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How to Cope With Depression

Depression is a serious mood disorder that affects the way think and feel. The disorder causes feelings of sadness, anxiety or anger. It’s often triggered by certain events or situations, but can also develop without an obvious cause.

If or someone know is experiencing a major depressive episode, it’s important to seek help as soon as possible. This can include talking with a mental professional, taking medication, or going to a hospital or residential facility.

Medication for depression can help relieve symptoms of the condition and reduce its impact on your life. Antidepressants, or “mood elevators,” can improve the way your brain chemistry works. You may need to take them for several weeks or even months before you find the right dosage and side effects that work best for you.

Psychotherapy: Talk therapy with a mental professional can help you learn to recognize and change unhealthy thoughts, feelings and behaviors. Many types of psychotherapy are available, but the most common is cognitive behavioral therapy. Depending on your needs, you may need just brief therapy or continue to see a therapist for several months or years.

Exercise: Physical exercise can be a helpful tool to combat depression and maintain your energy levels. Getting enough physical activity can help ease stress, boost your immune system and strengthen your self-esteem.

Social support: Regular contact with friends, family and other people can also be beneficial to managing depression. Sharing your feelings with those you trust and who understand can make it easier to move on from negative thinking and behavior.

Changing your lifestyle: You may want to simplify your life and set realistic goals. This can reduce the impact of negative thinking and increase your chances of recovery.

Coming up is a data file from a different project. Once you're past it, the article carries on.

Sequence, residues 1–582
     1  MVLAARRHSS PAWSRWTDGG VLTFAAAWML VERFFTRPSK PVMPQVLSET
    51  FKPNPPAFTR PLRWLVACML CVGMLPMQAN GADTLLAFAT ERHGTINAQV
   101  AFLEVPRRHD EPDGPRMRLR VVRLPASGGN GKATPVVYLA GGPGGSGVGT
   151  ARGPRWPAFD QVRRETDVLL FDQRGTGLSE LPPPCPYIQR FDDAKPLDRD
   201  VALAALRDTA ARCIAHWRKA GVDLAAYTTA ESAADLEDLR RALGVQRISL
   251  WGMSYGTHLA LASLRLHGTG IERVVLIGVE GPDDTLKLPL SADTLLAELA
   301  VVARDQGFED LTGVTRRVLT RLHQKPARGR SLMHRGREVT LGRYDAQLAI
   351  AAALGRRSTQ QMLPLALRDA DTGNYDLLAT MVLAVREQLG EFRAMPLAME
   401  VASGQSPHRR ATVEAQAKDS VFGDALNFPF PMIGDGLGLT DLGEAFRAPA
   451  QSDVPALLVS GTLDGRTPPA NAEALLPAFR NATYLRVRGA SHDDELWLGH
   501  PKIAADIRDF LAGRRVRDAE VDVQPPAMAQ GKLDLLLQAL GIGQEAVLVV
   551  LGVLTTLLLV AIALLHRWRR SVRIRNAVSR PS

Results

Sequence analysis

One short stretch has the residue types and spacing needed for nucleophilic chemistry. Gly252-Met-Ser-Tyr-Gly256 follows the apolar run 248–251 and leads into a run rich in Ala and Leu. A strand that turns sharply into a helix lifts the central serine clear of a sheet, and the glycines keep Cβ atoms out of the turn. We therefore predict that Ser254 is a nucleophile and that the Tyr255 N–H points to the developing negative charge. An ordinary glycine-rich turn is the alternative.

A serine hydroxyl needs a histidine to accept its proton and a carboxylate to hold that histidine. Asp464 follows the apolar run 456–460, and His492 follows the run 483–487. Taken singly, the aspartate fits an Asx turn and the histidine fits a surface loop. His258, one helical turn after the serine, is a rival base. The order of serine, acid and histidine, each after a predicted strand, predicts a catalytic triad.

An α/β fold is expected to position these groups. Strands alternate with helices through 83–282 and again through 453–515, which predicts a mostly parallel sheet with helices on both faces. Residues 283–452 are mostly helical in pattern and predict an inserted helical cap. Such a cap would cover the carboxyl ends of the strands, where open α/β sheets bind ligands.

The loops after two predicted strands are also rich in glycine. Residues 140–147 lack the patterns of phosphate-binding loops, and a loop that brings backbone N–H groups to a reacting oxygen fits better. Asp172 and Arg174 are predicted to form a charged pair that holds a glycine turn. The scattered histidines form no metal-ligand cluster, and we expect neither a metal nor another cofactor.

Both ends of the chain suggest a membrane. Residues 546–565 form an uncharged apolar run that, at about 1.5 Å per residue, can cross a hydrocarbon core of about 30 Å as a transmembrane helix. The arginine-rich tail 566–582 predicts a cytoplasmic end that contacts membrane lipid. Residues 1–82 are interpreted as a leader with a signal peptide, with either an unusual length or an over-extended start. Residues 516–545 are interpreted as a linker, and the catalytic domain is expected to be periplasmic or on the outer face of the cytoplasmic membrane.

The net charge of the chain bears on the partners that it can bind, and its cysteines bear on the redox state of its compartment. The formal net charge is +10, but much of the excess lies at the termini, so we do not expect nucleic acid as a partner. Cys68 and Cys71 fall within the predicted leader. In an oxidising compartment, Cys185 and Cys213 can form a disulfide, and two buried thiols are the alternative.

Self-help: Books, journals, websites and support groups can help you cope with your depression. These strategies may not work for everyone, so you’ll need to try them for yourself and share your experiences with a therapist.

Triggers: Depression can occur for a variety of reasons, including grief, traumatic events or loss, redundancy or illness. Some triggers are more common than others, but they can all contribute to an increase in your risk of developing depression.

Biochemistry, genetics and personality are other factors that may contribute to depression. For instance, people who have a low sense of self-esteem or are easily overwhelmed by stress or negative thoughts are more likely to experience depression than others.

Inherited traits can also increase your risk of depression. For example, if one of your identical twins has the disorder, you have about a 70 percent chance of having it sometime in your life.

Emotional stress, such as being rejected by a romantic partner or having to deal with an unsupportive parent or sibling, can lead to feelings of sadness and irritability. These are normal reactions to difficult situations, but if they’re persistent and interfere with your daily life, you may need to see a mental health professional to get treatment for your depression.

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